What the collapse of Silicon Valley Bank means for fashion

Late last week, most people around the world got their first introduction to Silicon Valley Bank when US regulators seized it after it faced a run on deposits.

In the world of fashion startups, the financial institution was a household name. For decades, the Santa Clara, California-based regional bank has been a darling of venture capital firms and the companies they back. Many start-up founders and executives were unable to access the cash they needed to pay employees and vendors. Since the government only guarantees deposits up to $250,000, some companies feared losing the vast majority of their capital.

Fashion companies directly affected by the crash included publicly traded companies like StitchFix and Etsy, inclusive clothing brand Universal Standard and sustainable footwear brand ThousandFell. The consequences were potentially much broader, as many fashion brands that did not bank with SVB rely on payment processing companies that did.

By Sunday, the worst case scenario had been averted. The Federal Reserve, the Treasury Department and the Federal Deposit Insurance Corporation, a banking regulator, announced they would protect all deposits at Silicon Valley Bank, as well as those at New York Signature Bank, another financial institution that regulators closed due to the risk. . This ensured that companies could pay payroll even if their bank failed.

In the end, the immediate business impact of the whole affair for fashion companies may be minimal, although it was a traumatic 72 hours for many.

“I have been running this business through Covid, the war in the Ukraine, inflation, supply chain disruptions; there have been crises after crises,” said Melanie Travis, founder and CEO of swimwear brand Andie Swim, which kept her capital at SVB. “This one left me speechless. I thought, ‘Oh my gosh, this company just went bankrupt.’ We just lost everything.’”

Like many recent economic problems, the collapse of SVB may be directly related to high inflation. As the bank of choice for start-ups receiving venture capital-financed cash injections, SVB was able to grow rapidly. (From November 2014 to November 2021, its share price increased six-fold.) He invested his deposits in bonds, normally a safe investment, but as inflation and interest rates began to rise, they lost value. When the market found out about this, it triggered an old-fashioned bank run.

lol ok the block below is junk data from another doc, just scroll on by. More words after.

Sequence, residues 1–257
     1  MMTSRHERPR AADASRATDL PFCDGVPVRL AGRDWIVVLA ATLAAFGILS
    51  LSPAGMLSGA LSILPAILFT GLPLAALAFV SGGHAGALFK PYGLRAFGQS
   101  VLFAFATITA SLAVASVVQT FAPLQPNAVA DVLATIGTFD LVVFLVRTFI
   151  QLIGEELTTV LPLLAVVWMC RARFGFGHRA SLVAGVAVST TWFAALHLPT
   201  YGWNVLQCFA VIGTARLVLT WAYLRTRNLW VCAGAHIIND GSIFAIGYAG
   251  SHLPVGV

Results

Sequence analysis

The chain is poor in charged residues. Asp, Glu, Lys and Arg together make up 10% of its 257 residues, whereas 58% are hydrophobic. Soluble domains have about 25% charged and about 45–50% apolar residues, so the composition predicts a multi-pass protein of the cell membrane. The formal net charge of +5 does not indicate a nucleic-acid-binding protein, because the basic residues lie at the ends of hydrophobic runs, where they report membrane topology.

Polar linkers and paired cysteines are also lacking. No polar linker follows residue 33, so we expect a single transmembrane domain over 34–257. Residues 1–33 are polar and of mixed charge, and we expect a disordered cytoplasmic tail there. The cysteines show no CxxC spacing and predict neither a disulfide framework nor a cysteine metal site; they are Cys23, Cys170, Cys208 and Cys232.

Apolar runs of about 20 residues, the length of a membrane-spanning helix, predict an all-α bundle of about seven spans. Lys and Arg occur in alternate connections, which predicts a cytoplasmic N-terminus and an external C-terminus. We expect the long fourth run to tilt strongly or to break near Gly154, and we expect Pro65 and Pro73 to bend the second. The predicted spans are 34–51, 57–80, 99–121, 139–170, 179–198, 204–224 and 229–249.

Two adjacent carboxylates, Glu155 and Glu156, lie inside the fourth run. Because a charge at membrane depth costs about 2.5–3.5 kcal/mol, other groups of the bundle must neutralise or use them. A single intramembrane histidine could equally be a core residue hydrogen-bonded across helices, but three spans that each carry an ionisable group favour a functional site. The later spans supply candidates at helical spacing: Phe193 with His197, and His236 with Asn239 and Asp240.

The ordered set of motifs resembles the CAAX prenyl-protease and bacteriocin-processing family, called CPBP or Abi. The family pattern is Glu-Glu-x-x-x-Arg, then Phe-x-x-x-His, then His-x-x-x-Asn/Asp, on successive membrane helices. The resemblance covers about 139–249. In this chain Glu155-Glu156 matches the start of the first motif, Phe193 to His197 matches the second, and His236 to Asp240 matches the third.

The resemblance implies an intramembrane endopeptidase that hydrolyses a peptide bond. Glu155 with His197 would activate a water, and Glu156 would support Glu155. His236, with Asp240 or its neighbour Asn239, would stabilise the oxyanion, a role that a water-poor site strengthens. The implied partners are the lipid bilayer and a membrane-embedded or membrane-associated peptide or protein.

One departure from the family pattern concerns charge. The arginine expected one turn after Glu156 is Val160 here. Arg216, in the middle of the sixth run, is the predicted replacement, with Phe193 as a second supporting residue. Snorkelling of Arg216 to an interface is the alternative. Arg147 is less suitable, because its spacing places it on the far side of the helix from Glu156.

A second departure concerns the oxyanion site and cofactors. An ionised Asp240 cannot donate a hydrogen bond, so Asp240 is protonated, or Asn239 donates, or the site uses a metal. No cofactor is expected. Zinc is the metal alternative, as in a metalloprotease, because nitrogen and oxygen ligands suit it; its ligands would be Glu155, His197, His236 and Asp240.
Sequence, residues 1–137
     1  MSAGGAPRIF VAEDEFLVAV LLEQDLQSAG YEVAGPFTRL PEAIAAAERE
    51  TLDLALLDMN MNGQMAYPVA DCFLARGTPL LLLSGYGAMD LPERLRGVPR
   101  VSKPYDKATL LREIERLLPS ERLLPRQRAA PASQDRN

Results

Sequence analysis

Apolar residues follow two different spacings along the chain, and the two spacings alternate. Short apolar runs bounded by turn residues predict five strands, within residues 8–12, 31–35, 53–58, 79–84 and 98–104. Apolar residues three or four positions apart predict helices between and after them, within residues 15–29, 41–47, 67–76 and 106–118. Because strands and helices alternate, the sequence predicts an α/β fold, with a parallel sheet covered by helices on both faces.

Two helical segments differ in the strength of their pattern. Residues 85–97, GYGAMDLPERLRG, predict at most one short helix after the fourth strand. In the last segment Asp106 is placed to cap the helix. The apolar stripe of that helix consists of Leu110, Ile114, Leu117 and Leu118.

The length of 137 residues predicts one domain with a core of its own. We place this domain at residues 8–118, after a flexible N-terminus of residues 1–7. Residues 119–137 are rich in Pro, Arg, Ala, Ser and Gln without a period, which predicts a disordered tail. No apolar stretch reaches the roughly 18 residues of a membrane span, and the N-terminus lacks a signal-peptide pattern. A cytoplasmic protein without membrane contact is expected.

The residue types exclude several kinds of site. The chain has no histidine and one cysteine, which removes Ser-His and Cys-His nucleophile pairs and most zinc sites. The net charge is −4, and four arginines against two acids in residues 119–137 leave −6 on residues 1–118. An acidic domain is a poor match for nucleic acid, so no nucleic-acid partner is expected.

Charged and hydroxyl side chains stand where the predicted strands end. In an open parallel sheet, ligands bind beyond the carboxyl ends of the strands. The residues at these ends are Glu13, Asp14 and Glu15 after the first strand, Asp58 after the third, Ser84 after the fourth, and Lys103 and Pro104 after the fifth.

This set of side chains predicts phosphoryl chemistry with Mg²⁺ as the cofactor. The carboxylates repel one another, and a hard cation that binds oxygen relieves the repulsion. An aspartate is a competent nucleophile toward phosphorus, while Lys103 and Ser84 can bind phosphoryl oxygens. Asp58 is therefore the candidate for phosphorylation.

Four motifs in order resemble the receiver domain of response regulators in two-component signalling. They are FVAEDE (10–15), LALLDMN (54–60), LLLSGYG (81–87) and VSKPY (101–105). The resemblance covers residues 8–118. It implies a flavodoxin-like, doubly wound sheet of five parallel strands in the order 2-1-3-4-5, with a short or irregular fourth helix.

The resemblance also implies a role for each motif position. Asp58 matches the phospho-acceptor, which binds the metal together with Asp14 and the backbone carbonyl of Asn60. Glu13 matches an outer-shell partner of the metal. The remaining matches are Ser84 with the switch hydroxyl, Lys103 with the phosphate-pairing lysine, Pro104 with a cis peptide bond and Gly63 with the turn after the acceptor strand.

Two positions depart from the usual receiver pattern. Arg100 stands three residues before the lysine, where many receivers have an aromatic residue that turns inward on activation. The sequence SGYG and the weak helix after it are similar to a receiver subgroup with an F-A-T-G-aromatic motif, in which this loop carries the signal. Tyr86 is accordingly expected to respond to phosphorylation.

The ripple effects are still playing out in the broader economy and will have implications for the fashion industry.

The inflation threat hasn’t gone anywhere: US prices rose 6 percent from a year earlier in February, above the Federal Reserve’s 2 percent target. If interest rates continue to rise, it may expose problems at other banks; Also this week, Credit Suisse, a giant Swiss bank, needed a cash injection from its home country’s central bank.

But the biggest shock for fashion may be what the collapse of SVB represents: perhaps the biggest sign yet that the era of corporate-backed fashion startups may be coming to an end.

As recently as 20 years ago, venture capitalists were wary of funding consumer-focused businesses like clothing or beauty, preferring sectors like healthcare and technology. Social media changed that, as performance marketing allowed companies to more quickly build a customer base and gain deeper data about the customer they are targeting.

SVB was the go-to option for many start-ups and entrepreneurs, offering access to services such as risky debt financing and lines of credit that larger banks would not normally offer to small businesses with unpredictable cash flow.

“They made it very easy for a founder to have turnkey access to a banking partner that grows with them as their company grows, and that was incredibly valuable,” said Jason Stoffer, partner at venture capital firm Maveron, who estimated that half of his portfolio of companies banked with Silicon Valley Bank.

In the past year, startup valuations have plummeted, reflecting concerns that funneling investor cash into Instagram ads would never lead to profitable growth. Inflation and interest rates played a role here, too, both by suppressing consumer demand and making it more expensive for venture capital firms to fund money-losing brands. The failure of SVB was, in this sense, more a symptom than a cause of the problems of the trendy start-ups.

Stoffer said that in the future, the whole incident, and the generally unfavorable economic climate, may lead more fashion companies to go ahead or self-finance their businesses. For brands that decide to go the venture financing route, they are likely to diversify their banking mix.

Chloe Songer, founder of retail circularity platform SuperCircle and ThousandFell, said the company now has two accounts at two much larger banks. Travis similarly moved Andie’s equity to Chase for the time being.

“I have a new bar and it’s just to keep my money,” Travis said.



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Compiled by Sarah Elson.

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